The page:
Deep underneath its greasy, dishevelled characters, God’s Pocket has community at its heart. Outside of the plot, this is a film about the claustrophobia of a certain type of neighbourhood and the unlucky individuals who can’t get out of them. Despite the film’s negative portrayal of such a world, where education is lacking and violence and addiction rule, in its greatest moments, God’s Pocket starts to shed some light on a bunch of dangerous circumstances that are controlled by debt, violence and betrayal. When local menace Leon gets his bloody comeuppance, his step-father is left to find funds to pay for the funeral, look into the circumstances of the death and deal with his heartbroken wife. The film is a mixture of little sub-plots that never really go anywhere or get resolved but that doesn’t stop God’s Pocket from making an impression during its best scenes. God’s Pocket sadly isn’t powerful enough and remains quite forgettable but it is delivered with force by a terrific cast who venture into the personalities of their troubled characters and all the demons that plague them. What will attract most to this movie is the presence of Philip Seymour Hoffman in one of his final roles. I was deeply impressed with A Most Wanted Man at Edinburgh Film Festival, another of Hoffman’s final projects. Although God’s Pocket isn’t a great film in comparison, it too demonstrates what a consistent and intense artist Philip Seymour Hoffman was.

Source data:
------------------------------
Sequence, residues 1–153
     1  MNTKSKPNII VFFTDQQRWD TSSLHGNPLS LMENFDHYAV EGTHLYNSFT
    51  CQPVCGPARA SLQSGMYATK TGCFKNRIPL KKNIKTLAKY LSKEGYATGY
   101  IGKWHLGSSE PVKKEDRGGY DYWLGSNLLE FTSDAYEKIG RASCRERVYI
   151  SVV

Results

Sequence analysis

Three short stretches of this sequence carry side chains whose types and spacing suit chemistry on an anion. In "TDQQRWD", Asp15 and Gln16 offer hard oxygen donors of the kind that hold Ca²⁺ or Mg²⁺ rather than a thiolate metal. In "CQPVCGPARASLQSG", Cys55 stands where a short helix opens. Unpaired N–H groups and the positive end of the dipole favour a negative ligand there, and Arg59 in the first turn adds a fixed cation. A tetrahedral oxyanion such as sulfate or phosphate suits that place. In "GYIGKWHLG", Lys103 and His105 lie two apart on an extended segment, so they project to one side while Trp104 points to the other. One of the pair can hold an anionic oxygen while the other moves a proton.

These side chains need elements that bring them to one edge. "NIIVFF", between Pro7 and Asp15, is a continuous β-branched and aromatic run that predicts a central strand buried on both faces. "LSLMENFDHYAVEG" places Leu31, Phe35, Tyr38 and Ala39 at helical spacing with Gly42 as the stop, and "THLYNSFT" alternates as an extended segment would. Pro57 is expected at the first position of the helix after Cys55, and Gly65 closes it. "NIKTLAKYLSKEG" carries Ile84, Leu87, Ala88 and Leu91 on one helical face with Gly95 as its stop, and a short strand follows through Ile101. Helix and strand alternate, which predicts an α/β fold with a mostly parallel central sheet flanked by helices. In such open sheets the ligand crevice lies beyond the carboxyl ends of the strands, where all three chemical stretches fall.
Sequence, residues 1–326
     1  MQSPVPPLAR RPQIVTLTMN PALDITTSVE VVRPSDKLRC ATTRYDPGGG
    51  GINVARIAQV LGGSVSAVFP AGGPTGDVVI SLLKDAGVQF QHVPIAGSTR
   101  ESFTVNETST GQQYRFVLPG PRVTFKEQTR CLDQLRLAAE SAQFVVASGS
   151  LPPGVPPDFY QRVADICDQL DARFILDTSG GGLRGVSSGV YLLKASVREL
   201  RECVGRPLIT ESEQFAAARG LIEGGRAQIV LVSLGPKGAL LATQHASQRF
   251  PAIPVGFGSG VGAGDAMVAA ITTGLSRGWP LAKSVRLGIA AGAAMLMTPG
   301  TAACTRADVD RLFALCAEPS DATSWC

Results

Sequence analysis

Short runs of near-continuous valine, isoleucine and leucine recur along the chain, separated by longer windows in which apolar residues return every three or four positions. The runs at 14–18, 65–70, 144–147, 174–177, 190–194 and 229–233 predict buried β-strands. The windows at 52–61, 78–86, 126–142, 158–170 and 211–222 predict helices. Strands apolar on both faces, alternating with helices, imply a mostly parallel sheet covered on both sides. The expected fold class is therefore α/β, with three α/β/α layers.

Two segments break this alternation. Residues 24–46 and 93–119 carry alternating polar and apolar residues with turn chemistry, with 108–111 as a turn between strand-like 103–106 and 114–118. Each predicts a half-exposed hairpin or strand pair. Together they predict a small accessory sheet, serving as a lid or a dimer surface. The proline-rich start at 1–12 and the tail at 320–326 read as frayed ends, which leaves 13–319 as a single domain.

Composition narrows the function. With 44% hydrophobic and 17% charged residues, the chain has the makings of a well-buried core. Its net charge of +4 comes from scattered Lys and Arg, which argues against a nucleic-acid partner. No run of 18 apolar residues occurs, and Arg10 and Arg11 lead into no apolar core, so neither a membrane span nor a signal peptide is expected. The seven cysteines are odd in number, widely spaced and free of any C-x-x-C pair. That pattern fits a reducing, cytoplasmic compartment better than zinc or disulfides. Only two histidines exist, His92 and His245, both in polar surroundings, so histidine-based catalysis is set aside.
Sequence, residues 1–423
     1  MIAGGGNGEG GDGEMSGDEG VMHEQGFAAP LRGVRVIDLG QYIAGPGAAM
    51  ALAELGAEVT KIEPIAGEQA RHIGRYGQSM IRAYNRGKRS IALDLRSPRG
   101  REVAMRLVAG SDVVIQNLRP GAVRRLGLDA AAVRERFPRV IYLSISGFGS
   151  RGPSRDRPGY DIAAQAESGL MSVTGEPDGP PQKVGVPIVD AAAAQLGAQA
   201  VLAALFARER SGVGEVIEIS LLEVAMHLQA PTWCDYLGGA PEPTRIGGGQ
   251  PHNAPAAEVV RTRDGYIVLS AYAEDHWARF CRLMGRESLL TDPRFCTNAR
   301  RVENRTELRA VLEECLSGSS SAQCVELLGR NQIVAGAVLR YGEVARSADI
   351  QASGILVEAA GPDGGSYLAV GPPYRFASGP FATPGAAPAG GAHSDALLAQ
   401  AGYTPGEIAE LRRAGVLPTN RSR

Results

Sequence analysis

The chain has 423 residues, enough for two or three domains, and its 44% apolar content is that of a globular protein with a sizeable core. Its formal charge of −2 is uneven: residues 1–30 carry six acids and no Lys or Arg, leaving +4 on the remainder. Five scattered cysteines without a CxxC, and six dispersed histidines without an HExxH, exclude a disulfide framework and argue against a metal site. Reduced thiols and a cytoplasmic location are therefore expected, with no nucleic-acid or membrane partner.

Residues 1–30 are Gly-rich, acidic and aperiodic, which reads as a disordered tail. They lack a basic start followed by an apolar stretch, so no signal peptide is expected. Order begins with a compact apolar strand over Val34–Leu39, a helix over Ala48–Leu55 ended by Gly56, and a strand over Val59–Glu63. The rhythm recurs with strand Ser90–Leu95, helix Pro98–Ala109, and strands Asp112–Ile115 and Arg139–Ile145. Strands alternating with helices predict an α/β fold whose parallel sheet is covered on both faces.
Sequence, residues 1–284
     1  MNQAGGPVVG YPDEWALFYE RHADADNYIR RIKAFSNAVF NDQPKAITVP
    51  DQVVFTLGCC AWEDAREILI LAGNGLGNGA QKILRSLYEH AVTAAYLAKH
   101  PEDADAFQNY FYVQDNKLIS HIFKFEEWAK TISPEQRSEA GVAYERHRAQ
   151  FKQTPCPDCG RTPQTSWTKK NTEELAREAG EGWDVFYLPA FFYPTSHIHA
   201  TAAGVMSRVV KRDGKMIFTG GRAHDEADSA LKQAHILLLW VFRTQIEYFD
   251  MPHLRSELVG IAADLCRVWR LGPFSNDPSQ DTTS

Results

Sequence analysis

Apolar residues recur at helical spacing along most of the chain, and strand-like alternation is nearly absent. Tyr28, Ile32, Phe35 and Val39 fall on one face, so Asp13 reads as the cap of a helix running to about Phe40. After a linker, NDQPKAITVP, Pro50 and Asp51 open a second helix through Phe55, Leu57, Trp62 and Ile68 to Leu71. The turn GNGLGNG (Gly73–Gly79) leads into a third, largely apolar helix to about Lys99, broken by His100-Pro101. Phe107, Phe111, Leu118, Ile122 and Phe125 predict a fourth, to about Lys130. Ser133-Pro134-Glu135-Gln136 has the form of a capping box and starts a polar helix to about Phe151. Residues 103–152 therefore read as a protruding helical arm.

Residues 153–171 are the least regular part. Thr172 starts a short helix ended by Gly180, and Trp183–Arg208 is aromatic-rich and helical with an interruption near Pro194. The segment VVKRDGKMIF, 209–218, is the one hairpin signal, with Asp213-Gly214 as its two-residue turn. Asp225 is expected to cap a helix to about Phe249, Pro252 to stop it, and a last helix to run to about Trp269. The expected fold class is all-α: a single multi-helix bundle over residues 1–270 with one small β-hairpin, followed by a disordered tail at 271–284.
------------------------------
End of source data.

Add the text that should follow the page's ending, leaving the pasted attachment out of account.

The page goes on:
I watched God’s Pocket with a great sadness – admiring Hoffman’s ability to make his characters bubble just below the surface. Outbursts of fury and desperation from Hoffman’s character keep God’s Pocket enjoyable. He delivers a performance that reminds us that he was a master of on-screen rage and frustration. When it comes down to it, I’d happily sit through any number of mediocre films like this because firstly, it’s ambitious and inoffensive but secondly because watching Hoffman at work is enough to keep any film standing upright. Alcoholism, gambling, anger and bereavement consume everyone in God’s Pocket – painting an accurate image of what it takes to grow up, live and die on the same street. There are moments of real wit that are almost too dark for the audience to appreciate and despite the slight meandering and meaninglessness of certain characters, there is intelligence that lurks in God’s Pocket – it’s just buried a little bit too far down. Eddie Marsan, John Turturro and Richard Jenkins all contribute greatly to the film, making up most of the low-lifes that God’s Pocket centres around. Welcome to God’s Pocket: a neighbourhood where liquor takes control and nobody has your back. It’s up to you to make up your own mind about what you think of the people who live here – and it’s all a matter of whether you think they’ve got dirty hands or dirty faces.
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